Forrest Rodgers was surprised, to say the least, when he was fired last week as executive director of the Northwest Museum of Arts and Culture. He’d only been in the position for about nine months and had not been provided any hints that his employment at the helm of the museum would come to an end. Now, he’s questioning the legality of the firing.
“I was caught off-guard by the decision, the lack of process and the timing,” says Rodgers, who came to the MAC, which has battled ongoing financial woes, after a stint as the director of the Central Washington University Foundation. Before that, he was the CEO of the High Desert Museum in Bend, Ore.
Rodgers contends that the decision was made exclusively by the board of trustees’ executive committee, without input from the board as a whole, which he says violates the nonprofit organization’s bylaws.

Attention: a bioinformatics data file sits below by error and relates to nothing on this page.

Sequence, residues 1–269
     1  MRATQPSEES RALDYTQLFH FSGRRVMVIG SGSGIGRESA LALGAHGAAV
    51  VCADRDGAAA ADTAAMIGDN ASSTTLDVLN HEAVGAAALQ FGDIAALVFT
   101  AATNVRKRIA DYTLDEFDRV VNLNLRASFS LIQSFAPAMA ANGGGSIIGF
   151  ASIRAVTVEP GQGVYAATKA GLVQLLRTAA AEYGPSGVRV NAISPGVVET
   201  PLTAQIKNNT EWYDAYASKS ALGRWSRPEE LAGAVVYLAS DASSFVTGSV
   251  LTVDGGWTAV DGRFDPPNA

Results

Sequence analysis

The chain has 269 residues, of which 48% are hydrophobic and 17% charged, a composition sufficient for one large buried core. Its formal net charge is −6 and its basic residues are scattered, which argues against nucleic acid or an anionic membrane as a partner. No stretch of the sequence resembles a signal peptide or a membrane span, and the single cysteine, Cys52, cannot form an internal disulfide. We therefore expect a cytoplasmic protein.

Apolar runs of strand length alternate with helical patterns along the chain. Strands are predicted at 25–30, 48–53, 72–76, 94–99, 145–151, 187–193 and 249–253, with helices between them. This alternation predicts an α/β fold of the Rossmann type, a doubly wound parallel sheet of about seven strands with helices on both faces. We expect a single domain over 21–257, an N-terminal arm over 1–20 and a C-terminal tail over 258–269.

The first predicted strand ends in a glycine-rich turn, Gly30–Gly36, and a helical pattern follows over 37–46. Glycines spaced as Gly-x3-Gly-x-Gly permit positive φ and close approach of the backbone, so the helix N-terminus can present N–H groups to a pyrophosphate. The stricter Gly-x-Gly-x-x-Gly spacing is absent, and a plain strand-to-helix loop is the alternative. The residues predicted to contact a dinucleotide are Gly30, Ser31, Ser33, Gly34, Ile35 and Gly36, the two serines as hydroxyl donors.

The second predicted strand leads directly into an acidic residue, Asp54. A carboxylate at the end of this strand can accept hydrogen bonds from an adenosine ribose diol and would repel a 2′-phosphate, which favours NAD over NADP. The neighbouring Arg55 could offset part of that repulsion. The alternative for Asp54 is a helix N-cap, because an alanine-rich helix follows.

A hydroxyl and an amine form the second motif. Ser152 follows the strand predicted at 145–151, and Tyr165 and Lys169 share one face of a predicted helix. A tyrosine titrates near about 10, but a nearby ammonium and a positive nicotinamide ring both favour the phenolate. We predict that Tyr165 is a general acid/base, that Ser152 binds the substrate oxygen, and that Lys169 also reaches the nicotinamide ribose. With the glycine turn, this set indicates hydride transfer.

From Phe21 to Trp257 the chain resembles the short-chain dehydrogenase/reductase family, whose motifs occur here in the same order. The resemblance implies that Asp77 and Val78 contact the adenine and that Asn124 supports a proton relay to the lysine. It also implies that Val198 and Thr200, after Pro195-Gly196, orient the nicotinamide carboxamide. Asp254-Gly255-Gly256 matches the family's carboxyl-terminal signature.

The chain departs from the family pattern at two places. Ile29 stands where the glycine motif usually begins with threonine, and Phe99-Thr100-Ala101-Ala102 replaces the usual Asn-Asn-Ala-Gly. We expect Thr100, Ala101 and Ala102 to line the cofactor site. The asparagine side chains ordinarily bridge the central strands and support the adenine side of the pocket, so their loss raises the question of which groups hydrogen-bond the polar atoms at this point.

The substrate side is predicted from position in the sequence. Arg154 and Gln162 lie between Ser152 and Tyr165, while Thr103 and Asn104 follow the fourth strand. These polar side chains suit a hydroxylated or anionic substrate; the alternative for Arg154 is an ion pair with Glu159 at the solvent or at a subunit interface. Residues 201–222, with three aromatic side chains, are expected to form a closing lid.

Chris Schnug, the president of the MAC’s board of trustees, confirmed that Rodgers had been let go but would not elaborate as to how the board came to the decision.
“It’s an ongoing personnel matter. We’re not at liberty to provide any further details,” says Schnug.
Museum staff confirmed that John Drexel, the MAC’s current chief financial officer, has taken over as interim executive director. Drexel did not return calls or emails for this story.
Rodgers says that the day before his termination, he submitted a self-assessment to the executive committee that also included, as he says, “a strategy for securing external funding as we head toward the legislative session,” which would be presented at a board meeting. He did not, however, see the request as a harbinger of his dismissal.
In the days since he was let go, Rodgers says, several members of the board and museum donors have contacted him to voice their disapproval with how his firing was handled. As of press time, Rodgers had not decided if he would attend this week’s board of trustees meeting, where, he says, the legitimacy of his firing will be discussed. Still, despite everything that’s transpired in the past week, he offers praise for the museum and is hopeful for its future.
“It offers something that nothing else in Spokane offers. It’s really important to the city and region. It deserves the community’s support.”